How Exercise Prevents Osteoporosis

You can help prevent bone loss with weight training

Osteoporosis is a disease of the bones that affects both men and women. Postmenopausal people have lower levels of the hormone estrogen, which helps protect from bone loss. In osteoporosis, the bones become brittle and weak and have a greater risk of fracture.

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Watch Now: The Best Exercises to Prevent Osteoporosis

Exercise Helps Prevent Osteoporosis

Weight-bearing or load-bearing exercise helps keep bones strong by causing the muscles and tendons to pull on the bones, which in turn stimulates bone cells to produce more bone. The load on the bones can be created by your own body weight, as in running or jogging, or by external weights like dumbbells or gym machines in a weight-training program.

Some experts suggest that the best exercise for bone health may not only be weight bearing but also high impact. This means placing a high level of impact on muscles and bones, as occurs when your foot hits the ground while running or you lift a weight suddenly. Naturally, you have to ensure you do such exercise safely.

One measure of the health of bones is bone mineral density (BMD). A bone density test such as the dual energy X-ray absorptiometry (DEXA) scan is used to assess BMD and is a relatively simple procedure.

Mature Mexican Woman Working Out
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Best Types of Exercise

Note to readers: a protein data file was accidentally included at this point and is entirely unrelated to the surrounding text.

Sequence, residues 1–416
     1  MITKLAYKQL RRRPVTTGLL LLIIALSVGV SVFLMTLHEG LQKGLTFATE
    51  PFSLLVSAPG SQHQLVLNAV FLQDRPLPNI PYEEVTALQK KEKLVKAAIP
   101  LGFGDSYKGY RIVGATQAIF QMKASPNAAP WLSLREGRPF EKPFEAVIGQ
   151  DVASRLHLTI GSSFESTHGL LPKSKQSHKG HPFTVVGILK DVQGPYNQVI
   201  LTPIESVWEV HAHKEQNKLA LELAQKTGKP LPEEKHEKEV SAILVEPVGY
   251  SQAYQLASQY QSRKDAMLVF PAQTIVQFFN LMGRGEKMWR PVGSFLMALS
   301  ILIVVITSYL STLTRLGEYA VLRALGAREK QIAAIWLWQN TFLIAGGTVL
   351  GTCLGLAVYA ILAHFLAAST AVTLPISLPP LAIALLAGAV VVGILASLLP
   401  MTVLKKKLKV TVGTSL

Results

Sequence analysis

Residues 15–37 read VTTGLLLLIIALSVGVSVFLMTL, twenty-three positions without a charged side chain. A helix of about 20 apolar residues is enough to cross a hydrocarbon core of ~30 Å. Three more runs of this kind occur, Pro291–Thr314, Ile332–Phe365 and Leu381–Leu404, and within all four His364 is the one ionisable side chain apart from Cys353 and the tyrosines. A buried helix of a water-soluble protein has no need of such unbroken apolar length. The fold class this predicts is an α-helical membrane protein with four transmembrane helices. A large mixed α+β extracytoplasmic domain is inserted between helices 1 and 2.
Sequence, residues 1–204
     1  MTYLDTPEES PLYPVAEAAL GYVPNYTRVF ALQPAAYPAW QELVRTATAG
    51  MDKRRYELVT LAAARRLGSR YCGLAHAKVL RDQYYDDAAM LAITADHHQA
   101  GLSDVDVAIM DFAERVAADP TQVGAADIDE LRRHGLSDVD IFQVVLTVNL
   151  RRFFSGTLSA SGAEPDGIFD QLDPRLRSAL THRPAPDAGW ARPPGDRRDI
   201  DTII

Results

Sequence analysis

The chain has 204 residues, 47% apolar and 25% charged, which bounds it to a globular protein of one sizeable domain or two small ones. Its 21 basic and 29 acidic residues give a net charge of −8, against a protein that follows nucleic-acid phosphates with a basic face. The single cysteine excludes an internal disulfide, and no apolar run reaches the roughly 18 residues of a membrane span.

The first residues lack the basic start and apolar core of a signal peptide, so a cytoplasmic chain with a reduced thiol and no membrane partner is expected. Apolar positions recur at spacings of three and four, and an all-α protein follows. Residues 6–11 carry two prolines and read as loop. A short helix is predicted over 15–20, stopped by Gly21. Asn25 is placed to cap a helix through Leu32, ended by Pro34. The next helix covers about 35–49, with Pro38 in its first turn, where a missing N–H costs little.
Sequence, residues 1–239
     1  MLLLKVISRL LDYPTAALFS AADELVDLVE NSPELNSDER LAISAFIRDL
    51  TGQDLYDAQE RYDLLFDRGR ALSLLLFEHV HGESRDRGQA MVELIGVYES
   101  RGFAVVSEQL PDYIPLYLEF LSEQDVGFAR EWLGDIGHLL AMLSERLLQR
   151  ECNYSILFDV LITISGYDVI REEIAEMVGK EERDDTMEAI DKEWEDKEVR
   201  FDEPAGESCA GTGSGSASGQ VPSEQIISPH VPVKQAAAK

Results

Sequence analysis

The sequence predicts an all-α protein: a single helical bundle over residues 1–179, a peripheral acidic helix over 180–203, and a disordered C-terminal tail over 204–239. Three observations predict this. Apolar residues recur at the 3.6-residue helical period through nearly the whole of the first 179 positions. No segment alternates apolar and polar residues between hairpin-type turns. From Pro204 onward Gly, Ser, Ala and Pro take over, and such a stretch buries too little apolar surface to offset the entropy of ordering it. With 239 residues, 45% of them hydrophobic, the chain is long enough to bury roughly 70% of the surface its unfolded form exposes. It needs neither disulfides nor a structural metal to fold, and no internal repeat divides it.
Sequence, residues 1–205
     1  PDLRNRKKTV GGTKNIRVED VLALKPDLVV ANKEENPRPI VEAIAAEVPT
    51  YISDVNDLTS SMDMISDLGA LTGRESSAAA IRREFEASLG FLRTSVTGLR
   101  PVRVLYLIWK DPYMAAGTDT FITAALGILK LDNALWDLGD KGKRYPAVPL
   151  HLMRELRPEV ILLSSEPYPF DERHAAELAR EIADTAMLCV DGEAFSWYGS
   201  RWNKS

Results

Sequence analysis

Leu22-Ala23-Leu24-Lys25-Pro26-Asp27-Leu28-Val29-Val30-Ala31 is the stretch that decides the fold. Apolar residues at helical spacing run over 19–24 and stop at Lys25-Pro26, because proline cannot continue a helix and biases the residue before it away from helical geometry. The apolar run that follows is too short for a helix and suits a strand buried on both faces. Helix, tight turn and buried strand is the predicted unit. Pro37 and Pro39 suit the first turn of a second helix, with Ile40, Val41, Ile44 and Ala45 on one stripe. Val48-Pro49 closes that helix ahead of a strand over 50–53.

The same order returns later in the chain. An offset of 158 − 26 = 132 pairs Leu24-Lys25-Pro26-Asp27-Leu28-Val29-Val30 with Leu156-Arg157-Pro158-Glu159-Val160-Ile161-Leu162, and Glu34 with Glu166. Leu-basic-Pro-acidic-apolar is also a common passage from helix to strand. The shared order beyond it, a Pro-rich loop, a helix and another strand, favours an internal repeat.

While weight-bearing exercise is best for strengthening bones and improving balance to prevent falls, other exercise benefits osteoporosis and include.

  • Aerobics: Step, dance, and pump aerobics
  • Weightlifting: Dumbbells, barbells, machines, and body weight exercises
  • Running and jogging
  • Walking (less effective than running or jogging)

The least effective exercises for bones are:

  • Swimming or water aerobics
  • Cycling
  • Other minimal weight-bearing exercise activities

Keep in mind that running or leg-based exercise acts mainly on the lower body. And although much of the disabling effect of bone loss is felt in the hips and spine, exercising the upper body with weight-bearing exercise is of equal importance. As people age, broken wrists and arms from falls are not uncommon, so strengthening the muscles and bones in these areas can help prevent breaks.

Consider this note of caution about endurance exercise such as marathons, cross country, triathlons, and other extreme exercise regimens: Extremes of exercise, mainly aerobic exercise, can negatively affect bone density in women. It does this by interfering with estrogen production, which contributes to bone loss in women after menopause.

For premenopausal heavy exercisers and athletes, cessation of menstrual periods or having irregular periods is a warning sign. Bone loss, disordered eating, and abnormal periods are referred to as the female athlete triad. This can be prevented if you follow an appropriate training program and pay careful attention to your diet and nutrition. Advice from a qualified sports nutritionist is worthwhile.

Nutrition and Exercise for Healthy Bones in Childhood and Adolescence

Much of the reserve of healthy bone is built in your youth and before the age of 30. Women may be more susceptible to an inadequate foundation at this time than men. Sufficient calcium intake, a balanced diet with plenty of fruits and vegetables, and load-bearing exercises are the keys to solid bone growth when you’re young.